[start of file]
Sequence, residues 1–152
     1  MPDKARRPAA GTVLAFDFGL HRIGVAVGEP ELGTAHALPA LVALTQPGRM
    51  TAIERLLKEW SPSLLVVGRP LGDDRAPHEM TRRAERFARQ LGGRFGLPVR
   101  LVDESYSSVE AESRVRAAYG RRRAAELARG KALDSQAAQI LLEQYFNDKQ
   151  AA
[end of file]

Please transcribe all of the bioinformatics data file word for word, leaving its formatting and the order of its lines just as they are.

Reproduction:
Sequence, residues 1–152
     1  MPDKARRPAA GTVLAFDFGL HRIGVAVGEP ELGTAHALPA LVALTQPGRM
    51  TAIERLLKEW SPSLLVVGRP LGDDRAPHEM TRRAERFARQ LGGRFGLPVR
   101  LVDESYSSVE AESRVRAAYG RRRAAELARG KALDSQAAQI LLEQYFNDKQ
   151  AA